Defying the odds – and facing President Barack Obama’s veto pen – the Republican-controlled House of Representatives voted to repeal the Patient Protection and Affordable Care Act (ACA); a move that was DOA in the Senate.
Despite considerable evidence to the contrary, approximately 50 percent of Americans are convinced that the healthcare law has been successfully repealed. A poll by the Kaiser Family Foundation found widespread public confusion about the law, with 22 percent of Americans incorrectly believing it has been repealed and another 26 percent unsure or unwilling to say. Even after extensive media coverage of the repeal effort, only 52 percent of Americans accurately responded that the healthcare law remained intact. According to the Kaiser Family Foundation, “There remains no consensus about whether to keep, expand, replace or repeal the law. Forty-eight percent are opposed to the law, while 43 percent favor it. Sixty-one percent of those polled oppose Congress cutting off funding of the law in order to block it, as many Republican lawmakers are considering.”
The Republican-sponsored repeal bill, curiously named the “Repealing the Job-Killing Health Care Law Act,” passed 245 – 189 with assistance from three Democrats. Majority Leader Harry Reid (D-NV) has refused to bring repeal to the Senate floor for a vote. President Obama has vowed to veto any repeal effort. Republicans have not introduced an alternative bill, although Speaker of the House John Boehner (R-OH) said Republicans will ask congressional committees to make “common-sense reforms” to expand coverage and cut costs, but told reporters no “artificial deadlines” were needed.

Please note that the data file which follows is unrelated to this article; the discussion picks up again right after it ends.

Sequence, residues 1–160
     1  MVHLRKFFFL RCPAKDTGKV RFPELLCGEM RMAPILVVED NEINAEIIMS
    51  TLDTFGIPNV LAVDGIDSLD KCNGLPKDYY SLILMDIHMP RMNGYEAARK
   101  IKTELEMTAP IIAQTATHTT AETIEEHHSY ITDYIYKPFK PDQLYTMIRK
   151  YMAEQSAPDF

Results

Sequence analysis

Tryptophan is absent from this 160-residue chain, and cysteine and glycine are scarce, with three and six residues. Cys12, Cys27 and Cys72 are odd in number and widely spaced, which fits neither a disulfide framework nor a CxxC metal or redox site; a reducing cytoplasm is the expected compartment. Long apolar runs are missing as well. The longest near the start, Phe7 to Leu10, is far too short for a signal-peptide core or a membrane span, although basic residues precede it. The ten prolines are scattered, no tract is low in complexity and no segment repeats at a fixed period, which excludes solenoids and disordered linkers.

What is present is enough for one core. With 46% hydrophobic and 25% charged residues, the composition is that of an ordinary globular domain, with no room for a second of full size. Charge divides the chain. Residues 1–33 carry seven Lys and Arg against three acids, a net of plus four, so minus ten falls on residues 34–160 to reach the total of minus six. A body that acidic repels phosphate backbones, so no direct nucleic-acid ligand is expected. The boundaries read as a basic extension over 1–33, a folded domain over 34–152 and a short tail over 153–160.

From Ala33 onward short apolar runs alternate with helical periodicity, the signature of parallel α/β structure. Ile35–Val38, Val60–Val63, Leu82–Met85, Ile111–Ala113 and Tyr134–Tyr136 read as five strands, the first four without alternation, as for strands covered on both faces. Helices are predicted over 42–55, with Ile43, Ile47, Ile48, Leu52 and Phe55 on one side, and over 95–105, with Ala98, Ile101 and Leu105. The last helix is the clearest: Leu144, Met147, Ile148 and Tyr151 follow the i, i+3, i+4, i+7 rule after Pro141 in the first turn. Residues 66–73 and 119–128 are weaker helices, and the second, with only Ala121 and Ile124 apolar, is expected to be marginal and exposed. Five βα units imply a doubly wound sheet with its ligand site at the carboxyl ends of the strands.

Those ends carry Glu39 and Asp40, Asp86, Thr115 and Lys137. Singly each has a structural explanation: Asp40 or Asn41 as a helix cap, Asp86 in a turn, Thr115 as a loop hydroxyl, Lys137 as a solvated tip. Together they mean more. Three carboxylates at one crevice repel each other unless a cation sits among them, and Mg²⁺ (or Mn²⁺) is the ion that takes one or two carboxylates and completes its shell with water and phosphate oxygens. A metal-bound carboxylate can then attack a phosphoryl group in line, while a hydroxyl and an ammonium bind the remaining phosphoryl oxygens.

“As has been true since early in the debate, individual provisions of the new law are more popular than the law itself, complicating the debate over repeal,” the study notes. “So while the public in general is divided over whether to keep or repeal the legislation, if they could pick and choose, the large majority (roughly eight in 10 Americans) would keep the provisions providing tax credits to small businesses, and upward of seven in 10 would keep the provisions that close the Medicare doughnut hole, provide coverage subsidies to those of low and moderate income, institute the new voluntary long-term care insurance program known as the CLASS Act, and prohibit insurance companies from denying coverage based on pre-existing conditions.”
According to a USA TODAY/Gallup Poll, 32 percent of Americans would like to see the law repealed; 13 percent want to see the bill left as it stands. The poll found that 29 percent of Americans want to see minor changes and that 24 percent want major changes. Representative Ben Chandler, (D-KY), who voted against the law last year, said he voted against repeal because he thinks the law’s “bad” parts should be repealed piece by piece. “I will not vote to repeal parts of the law that protect central Kentuckians by preventing insurance companies from dropping people if they get sick, ending lifetime caps on coverage and eliminating pre-existing condition exclusions,” Chandler said.
Implementation of the law is continuing as planned, according to Health and Human Services Secretary Kathleen Sebelius. “I want the people who are benefiting from the Affordable Care Act — including families, seniors and small business owners — to know that this vote does not change the law and that this department will continue to work every day to implement this vital law.”